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1967 Mazda 1000
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1967 Mazda 1000 Pricing and Specs

From
$1,150*

The Mazda 1000 1967 prices range from $1,150 for the basic trim level Sedan 1000 (base) to $3,300 for the top of the range Coupe 1000 (base).

The Mazda 1000 1967 comes in Coupe, Sedan and Wagon.

The Mazda 1000 1967 is available in Leaded Petrol.

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Coupe

Mazda 1000 Models SPECS PRICE
(base) 1.0LLeaded Petrol4 speed manual $1,900 – 3,300

Sedan

Mazda 1000 Models SPECS PRICE
(base) 1.0LLeaded Petrol4 speed manual $1,150 – 1,870

Wagon

Mazda 1000 Models SPECS PRICE
(base) 1.0LLeaded Petrol4 speed manual $1,900 – 3,300

Mazda 1000 1967 FAQs

Check out real-world situations relating to the Mazda here, particularly what our experts have to say about them.

  • Are the front drive shafts and CV joints of the 2021 Mazda BT-50 interchangeable with the Isuzu D-max?

    If we’re talking about the current model D-Max and BT-50, then yes, the entire driveline should be interchangeable. Under the skin, both the Mazda and Isuzu utes are the same vehicle. Car makers enter into joint ventures like the development of this pair of vehicles to keep costs down by sharing the expense of developing, engineering and testing parts like engines, transmissions and, of course, drive-shafts and CV joints.

    While most joint ventures like this one will arrive at two vehicles with some visual differences and usually some details differences inside, when it comes to the oily bits, making specific driveline or suspension parts for one vehicle over the other is defeating the purpose of the joint venture in the first place.

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  • I have been away and on returning my 2018 3.2 Mazda BT-50 auto is making a clunk noise when going into drive or reverse.

    The first thing to do is take a look at where the car was parked. You’re checking for a pool of transmission fluid that has leaked out over time while the car has been stationary. A low of fluid can cause all sort of problems in an automatic transmission, including the one you’re experiencing.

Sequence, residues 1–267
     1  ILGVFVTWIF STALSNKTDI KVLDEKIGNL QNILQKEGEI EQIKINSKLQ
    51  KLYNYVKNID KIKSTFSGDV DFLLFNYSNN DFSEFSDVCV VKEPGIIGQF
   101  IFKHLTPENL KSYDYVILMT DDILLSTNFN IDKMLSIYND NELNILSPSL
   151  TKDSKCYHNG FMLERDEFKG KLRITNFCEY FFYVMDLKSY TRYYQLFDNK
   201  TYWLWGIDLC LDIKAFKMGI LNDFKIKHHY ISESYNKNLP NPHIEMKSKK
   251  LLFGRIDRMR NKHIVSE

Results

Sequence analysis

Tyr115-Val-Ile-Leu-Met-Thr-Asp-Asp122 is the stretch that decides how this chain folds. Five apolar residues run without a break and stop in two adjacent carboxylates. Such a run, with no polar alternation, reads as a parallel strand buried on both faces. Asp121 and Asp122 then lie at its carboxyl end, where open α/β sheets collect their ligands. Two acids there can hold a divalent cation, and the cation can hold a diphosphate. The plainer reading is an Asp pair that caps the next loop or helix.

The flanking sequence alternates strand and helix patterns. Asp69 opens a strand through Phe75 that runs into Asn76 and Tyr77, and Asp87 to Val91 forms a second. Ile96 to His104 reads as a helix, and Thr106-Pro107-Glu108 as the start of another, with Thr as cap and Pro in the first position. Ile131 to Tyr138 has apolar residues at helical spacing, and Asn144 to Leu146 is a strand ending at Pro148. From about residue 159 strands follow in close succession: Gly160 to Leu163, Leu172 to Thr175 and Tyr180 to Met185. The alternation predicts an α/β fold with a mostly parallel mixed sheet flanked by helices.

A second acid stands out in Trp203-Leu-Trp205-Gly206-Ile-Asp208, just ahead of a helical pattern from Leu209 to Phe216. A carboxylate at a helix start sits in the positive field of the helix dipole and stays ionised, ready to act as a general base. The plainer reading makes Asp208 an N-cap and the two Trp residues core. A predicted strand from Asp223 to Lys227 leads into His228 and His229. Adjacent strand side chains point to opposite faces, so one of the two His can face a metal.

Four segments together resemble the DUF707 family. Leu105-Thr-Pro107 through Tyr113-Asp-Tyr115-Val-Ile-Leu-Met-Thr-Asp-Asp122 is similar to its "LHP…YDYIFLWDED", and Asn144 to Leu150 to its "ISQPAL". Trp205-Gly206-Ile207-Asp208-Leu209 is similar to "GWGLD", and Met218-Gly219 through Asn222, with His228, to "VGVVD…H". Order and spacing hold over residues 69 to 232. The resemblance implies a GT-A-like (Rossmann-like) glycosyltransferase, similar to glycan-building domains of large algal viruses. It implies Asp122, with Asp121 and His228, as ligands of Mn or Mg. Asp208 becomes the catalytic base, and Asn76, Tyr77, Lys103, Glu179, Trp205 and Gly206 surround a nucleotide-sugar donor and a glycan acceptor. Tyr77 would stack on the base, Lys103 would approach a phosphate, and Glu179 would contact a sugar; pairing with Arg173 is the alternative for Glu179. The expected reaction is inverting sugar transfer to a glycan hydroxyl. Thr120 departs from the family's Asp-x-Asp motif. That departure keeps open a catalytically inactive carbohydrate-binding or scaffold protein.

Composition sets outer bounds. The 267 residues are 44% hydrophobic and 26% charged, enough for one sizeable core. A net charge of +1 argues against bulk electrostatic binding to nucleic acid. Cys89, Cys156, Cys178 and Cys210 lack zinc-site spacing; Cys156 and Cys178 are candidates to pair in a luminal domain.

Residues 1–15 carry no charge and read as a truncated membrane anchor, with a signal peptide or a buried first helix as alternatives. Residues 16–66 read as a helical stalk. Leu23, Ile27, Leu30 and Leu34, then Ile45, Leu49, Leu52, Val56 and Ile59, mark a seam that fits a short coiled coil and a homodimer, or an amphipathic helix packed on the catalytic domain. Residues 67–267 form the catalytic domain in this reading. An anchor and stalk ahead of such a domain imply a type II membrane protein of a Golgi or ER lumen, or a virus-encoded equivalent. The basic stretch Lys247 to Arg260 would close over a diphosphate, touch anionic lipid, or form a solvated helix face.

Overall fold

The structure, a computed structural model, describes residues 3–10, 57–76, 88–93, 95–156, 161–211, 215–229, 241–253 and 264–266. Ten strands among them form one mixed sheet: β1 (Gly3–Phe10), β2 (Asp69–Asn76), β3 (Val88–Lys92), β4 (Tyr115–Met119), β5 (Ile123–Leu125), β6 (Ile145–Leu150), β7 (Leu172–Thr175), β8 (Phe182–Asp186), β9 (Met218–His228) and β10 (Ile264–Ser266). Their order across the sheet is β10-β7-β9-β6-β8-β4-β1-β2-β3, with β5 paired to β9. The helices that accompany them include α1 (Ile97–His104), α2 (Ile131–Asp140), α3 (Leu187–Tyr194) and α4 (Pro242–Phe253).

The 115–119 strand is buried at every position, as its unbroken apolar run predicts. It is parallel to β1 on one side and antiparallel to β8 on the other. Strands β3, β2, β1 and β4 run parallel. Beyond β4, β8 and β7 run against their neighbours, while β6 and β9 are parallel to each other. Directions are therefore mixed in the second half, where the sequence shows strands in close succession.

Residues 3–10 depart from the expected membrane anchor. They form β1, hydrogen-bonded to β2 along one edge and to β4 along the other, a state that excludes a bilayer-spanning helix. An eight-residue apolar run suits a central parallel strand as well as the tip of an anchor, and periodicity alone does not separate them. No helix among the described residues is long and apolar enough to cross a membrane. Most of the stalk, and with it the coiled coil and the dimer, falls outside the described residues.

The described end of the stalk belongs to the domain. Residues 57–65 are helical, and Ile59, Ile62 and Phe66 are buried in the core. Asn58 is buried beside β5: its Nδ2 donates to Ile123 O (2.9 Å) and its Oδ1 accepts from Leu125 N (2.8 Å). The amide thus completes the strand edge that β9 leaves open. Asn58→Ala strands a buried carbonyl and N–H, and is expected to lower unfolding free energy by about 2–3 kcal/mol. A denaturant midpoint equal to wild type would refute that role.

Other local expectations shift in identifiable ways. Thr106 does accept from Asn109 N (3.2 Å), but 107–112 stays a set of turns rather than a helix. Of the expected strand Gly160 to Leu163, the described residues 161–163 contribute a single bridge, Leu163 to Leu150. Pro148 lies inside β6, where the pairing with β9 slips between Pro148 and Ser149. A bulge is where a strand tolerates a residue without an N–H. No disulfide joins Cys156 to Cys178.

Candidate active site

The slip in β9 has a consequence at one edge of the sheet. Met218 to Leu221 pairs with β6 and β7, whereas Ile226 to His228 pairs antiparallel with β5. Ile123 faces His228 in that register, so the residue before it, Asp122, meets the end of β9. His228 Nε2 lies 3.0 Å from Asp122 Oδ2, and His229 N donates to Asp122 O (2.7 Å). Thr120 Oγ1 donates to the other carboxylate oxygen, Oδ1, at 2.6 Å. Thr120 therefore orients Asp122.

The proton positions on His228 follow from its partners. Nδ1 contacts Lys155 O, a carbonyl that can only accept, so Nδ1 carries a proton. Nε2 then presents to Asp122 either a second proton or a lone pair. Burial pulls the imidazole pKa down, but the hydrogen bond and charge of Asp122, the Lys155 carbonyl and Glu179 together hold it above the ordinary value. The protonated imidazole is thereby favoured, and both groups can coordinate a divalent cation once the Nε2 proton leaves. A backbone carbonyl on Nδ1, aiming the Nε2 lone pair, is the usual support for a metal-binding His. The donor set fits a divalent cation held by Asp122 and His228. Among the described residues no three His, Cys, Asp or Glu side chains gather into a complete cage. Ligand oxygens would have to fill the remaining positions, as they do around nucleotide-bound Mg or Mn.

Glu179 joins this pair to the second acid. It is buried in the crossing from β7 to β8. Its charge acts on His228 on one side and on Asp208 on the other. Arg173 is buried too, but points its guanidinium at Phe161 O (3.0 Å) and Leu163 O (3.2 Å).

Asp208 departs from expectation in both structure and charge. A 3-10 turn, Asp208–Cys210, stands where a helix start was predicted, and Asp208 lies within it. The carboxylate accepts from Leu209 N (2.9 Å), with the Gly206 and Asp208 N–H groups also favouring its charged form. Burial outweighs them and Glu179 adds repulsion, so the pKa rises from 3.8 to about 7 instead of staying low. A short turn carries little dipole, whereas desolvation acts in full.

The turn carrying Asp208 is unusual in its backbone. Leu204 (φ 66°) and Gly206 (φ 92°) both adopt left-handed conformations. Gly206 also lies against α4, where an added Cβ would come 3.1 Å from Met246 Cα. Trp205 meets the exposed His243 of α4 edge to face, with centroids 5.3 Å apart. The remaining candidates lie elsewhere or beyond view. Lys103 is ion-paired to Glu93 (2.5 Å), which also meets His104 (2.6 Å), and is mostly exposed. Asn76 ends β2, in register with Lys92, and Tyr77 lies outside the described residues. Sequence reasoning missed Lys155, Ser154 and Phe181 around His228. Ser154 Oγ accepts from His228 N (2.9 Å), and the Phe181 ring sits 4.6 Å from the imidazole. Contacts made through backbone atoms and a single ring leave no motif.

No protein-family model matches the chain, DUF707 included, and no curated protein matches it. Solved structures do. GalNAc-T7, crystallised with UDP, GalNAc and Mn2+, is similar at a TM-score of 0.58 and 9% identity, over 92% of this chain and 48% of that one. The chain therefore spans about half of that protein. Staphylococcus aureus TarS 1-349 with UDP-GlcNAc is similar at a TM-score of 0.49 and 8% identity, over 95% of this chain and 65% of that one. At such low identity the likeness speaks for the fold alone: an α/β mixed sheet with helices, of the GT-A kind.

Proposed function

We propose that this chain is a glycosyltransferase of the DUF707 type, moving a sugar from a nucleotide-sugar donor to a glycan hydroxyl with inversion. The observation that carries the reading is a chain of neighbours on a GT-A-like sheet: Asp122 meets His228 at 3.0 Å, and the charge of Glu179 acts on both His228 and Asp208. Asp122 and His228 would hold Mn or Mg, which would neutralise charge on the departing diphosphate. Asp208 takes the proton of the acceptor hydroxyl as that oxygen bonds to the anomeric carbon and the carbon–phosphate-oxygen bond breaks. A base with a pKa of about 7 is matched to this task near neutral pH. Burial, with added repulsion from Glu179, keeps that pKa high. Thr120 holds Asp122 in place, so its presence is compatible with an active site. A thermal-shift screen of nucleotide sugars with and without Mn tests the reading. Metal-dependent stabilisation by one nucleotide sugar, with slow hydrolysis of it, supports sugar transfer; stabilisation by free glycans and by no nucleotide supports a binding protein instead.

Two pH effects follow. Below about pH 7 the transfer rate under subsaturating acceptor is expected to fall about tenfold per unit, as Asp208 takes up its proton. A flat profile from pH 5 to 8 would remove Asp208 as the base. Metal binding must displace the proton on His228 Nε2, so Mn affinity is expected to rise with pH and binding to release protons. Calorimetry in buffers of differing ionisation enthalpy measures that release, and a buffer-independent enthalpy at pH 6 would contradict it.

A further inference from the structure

However, the transmission in this vehicle is well known for noises when selecting gears from Park, particularly after it has been sitting for a while. The problems were usually traced to the valve body of the transmission and some valve-body assemblies were replaced as part of a technical program conducted by the manufacturer.

    The catch, though, is that the service bulletin involved suggested that only transmissions in cars built up to 2014 were affected, and since your car is a 2018 model, it shouldn’t have the same problems. But it wouldn’t be the first time a problem thought solved by a car-maker has resurfaced in subsequent models.

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  • What would be your recommendation when buying a small new car for teenage children learning to drive?

    The popular MG3 is the model you’re referring to and you’re right; it hasn’t been locally crash-tested. But it does lack some important safety gear. Enough, we reckon, to knock it off your short-list. The MG lacks, for instance, important driver aids such as autonomous emergency braking, blind-spot monitoring and lane-keeping assistance, nor can these features be had by spending more on a fancier version.

    Which leaves us with your other two choices, the Hyundai i30 and Kia Rio. Even then, you’ll need to option up beyond the base-model to get (some of) those safety features, but these are not expensive cars to begin with, so the jump might not be as bad as you think.

    The other car to consider would be the SP Pure version of the Mazda 2. At $23,690, it’s not over-priced but it does have low-speed (up to 30km/h) autonomous emergency braking, blind-spot monitoring and lane-departure warning as well as rear cross-traffic alert.

    And a manual transmission? The MG 3 no longer offers one, both the Hyundai i30 and the Kia Rio are available with a six-speed manual option. The Mazda 2 Pure SP is automatic only, but you can get a six-speed manual on the base-model Mazda 2.

    I agree that youngsters taught to drive a manual car tend to be better drivers, but that’s not a universally held view these days. And the fact is that most young drivers will never be presented with a clutch pedal in the future, raising the question of why learn in the first place? The reality is that learning to drive a manual car gives you extra mechanical awareness and extra ability to multi-task behind the wheel.

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Disclaimer: You acknowledge and agree that all answers are provided as a general guide only and should not be relied upon as bespoke advice. Carsguide is not liable for the accuracy of any information provided in the answers.

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